Casinos bet big on getting out the yes vote
Another day, another casino referendum in Massachusetts.
Today, the good people of Revere are heading to the polls to vote again on whether they want a casino in their backyard. I won’t wager a guess on the outcome, but I will say that the gaming industry has spent a lot of money across the state to get out the yes vote.
Perhaps no one has spent more than the supporters of Suffolk Downs, the horse track that has been angling for what seems like an eternity to build a gambling palace.
Last November, Revere residents said overwhelmingly yes to a casino, but their neighbors in East Boston voted no, which was enough to scuttle Suffolk Downs’s original proposal for a casino in Eastie.
Revere residents now go it alone to approve a new plan for a $1.3 billion Mohegan Sun casino on its side of the horse track.
So far, the pro-Suffolk Downs faction has shelled out nearly $3.3 million over two votes, of which Mohegan Sun has kicked in $400,000, according to state campaign filings.
That translates to roughly $35 a head in Revere and East Boston, and it’s likely the final numbers will show Suffolk supporters spent even more in the homestretch to today’s vote.
To the industry, it’s all loose change, really, like gamblers finding a few extra quarters at the bottom of a slot machine. But good for the poster makers, caterers, and others that have been given work to fuel their campaigns.
Not all casino companies, however, have had to be big campaign spenders.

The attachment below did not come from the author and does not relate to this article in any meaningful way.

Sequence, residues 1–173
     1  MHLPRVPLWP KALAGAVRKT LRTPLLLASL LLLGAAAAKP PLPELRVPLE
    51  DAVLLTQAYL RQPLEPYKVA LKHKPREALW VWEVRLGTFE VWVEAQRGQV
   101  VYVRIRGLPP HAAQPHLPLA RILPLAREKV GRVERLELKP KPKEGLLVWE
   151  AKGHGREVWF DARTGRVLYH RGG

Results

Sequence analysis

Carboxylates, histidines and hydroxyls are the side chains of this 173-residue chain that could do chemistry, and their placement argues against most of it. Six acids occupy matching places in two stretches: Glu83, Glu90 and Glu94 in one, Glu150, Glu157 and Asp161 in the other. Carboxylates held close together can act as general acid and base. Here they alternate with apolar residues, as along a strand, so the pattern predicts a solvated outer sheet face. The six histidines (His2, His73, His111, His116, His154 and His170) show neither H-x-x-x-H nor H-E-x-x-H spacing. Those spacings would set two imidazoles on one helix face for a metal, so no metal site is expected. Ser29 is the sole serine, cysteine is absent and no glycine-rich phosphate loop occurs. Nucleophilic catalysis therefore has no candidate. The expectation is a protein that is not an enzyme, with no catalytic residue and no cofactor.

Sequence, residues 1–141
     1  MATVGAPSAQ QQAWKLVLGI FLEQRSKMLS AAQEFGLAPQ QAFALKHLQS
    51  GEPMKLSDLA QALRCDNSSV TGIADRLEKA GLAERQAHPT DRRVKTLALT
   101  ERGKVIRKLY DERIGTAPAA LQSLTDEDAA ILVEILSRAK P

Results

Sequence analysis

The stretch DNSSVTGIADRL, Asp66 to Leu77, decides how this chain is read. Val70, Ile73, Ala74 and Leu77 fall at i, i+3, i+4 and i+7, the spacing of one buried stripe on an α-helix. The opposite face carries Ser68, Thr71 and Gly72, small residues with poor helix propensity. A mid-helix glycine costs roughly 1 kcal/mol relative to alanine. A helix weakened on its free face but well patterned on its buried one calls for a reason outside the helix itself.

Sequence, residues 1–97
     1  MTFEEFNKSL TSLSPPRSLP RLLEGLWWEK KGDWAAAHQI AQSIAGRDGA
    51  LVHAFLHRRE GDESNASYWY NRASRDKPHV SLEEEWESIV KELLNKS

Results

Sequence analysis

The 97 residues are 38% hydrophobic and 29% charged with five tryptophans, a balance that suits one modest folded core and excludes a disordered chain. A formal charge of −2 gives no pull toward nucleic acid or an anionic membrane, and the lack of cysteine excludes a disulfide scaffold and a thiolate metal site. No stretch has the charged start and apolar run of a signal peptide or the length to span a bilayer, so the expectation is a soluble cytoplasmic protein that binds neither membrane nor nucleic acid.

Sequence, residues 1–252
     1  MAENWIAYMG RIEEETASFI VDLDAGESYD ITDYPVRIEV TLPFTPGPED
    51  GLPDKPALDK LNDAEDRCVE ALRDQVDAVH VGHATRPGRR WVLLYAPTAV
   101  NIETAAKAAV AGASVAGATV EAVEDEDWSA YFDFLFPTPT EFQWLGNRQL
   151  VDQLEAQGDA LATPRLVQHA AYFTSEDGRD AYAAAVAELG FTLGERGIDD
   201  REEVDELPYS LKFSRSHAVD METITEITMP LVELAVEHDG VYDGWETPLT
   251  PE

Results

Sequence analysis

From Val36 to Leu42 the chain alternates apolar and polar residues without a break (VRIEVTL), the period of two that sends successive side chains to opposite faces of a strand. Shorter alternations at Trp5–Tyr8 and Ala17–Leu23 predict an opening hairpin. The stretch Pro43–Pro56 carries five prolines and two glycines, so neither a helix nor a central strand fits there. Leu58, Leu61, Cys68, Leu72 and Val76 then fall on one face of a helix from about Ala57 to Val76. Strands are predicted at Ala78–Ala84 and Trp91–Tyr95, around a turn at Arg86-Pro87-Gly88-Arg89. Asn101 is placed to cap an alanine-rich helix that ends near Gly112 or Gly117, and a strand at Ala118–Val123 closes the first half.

Steve Wynn, which is staring down Suffolk Downs for the Boston license, doled out less than half-million dollars, or about $10 per capita, to get out the vote in Everett. A whopping 86.5 percent of voters approved the casino. Free beer doesn’t even get you out that kind of turnout.
MGM Resorts, which is proposing to build a $800 million casino in Springfield, spent about $1.8 million, or about $12 a head, on its campaign. It was a good bet. MGM is the lone applicant for the western Massachusetts casino license, outlasting at least four other competitors.
But sometimes it doesn’t matter how much money you can throw around.
Hard Rock International spent just under $1 million, or nearly $35 per capita, trying to convince the residents of West Springfield they need more gaming and guitars in their backyard. The effort was to no avail -- voters rejected the proposal.
To win the casino game in Massachusetts, sometimes you need to know when to hold’em — and to fold’em.
Correction: An earlier version of this story misstated the Hard Rock casino proposal vote in West Springfield. The proposal was rejected by residents.